Turning a Customer’s Day Around

Elizabeth Bluemle - December 8, 2015

Holiday shopping flip-flops between stressful and fun. Our goal at the bookstore is to be on the enjoyable side of that teeter-totter, and sometimes that takes a little bit of work.
Recently, a woman came in with her two children, ages 10 and 12. In addition to buying some presents for other families, they were looking for a family read-aloud book. The mom was clearly frazzled and a little bit cranky. When we had to inform her that all but one of her favorite Bruce Coville Shakespeare retellings were out of stock indefinitely, she was mad. At us.

At some level, she likely knew that we weren’t personally responsible for the demise of this excellent series, but on this afternoon, it didn’t matter. She scolded us for not having them. (We were just as sorry not to be able to carry them any more; they are terrific.)
So we did what we do — tried to redirect the frustration with another suggestion. We showed her Gareth Hindss’ graphic novel versions of Hamlet, Macbeth, King Lear, Merchant of Venice, Romeo and Juliet. She read aloud snippets of each to the children, an activity that mollified her until she came upon this unexpurgated Shakespearean line of Lady Macbeth’s:

I have given suck, and know
How tender ’tis to love the babe that milks me.
I would, while it was smiling in my face,
Have plucked my nipple from his boneless gums
And dashed the brains out, had I so sworn as you
Have done to this.

She was ready to put the book back until her children pleaded earnestly with her to choose it despite (though probably, secretly, because of) the nipple and brain dashing. It sounded like Shakespeare’s own language, they said–accurately–and they had been wanting to read Macbeth. Their mom did like the artwork and the fact that the adaptation stays as true to the original language as possible while make some abridgments for length and small, thoughtfully considered textual adaptations for modern audiences, so she considered, and finally consented, her Coville-adaptation sorrow put on a back burner.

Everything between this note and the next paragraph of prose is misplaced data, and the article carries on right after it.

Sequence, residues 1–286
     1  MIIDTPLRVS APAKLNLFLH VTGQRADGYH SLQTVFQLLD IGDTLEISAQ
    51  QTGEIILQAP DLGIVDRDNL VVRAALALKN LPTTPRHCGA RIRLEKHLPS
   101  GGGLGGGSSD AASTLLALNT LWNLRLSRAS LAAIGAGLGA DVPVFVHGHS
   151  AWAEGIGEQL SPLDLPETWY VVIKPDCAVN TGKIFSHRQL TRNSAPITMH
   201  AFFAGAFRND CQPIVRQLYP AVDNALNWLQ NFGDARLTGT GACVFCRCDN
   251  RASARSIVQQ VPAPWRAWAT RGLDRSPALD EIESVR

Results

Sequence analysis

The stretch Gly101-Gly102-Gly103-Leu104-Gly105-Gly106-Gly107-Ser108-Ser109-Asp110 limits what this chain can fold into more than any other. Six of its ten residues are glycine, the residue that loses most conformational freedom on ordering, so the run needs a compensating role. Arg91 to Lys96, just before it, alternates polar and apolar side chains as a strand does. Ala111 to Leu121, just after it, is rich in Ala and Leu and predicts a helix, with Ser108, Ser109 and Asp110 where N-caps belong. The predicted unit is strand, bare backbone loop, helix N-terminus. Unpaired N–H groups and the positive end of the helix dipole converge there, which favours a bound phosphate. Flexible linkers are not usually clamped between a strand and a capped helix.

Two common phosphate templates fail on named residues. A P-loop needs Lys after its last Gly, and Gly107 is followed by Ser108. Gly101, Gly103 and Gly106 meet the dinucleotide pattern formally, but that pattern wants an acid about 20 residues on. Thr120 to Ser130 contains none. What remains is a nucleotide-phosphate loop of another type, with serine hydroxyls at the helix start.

Then her daughter noticed No-Churn Ice Cream in our Cookbook section, and eagerly showed it to her mom. Apparently, they had just been talking about experimenting with frozen treats that didn’t require an ice cream machine, and voila! Here was the perfect book. Our customer’s mood took another turn for the better.
When her son asked for a book “like Artemis Fowl but different,” we offered him one of our favorites, Catherine Jinks’s fabulous Evil Genius. His eyes lit up at the description and he tucked the shiny paperback under his arm.
Missions accomplished, they brought their selections to the counter and then noticed the little bowl of delicious sugar plum candies we give to customers throughout the holidays. The three of them left the store chatting animatedly, each with a book, munching on a sugar plum. The best part for us was hearing the mom thank her daughter for insisting they come to the bookstore today. If we can send customers out feeling better than they did on the way in, that is a successful day at the Flying Pig. And that is the power of great books!

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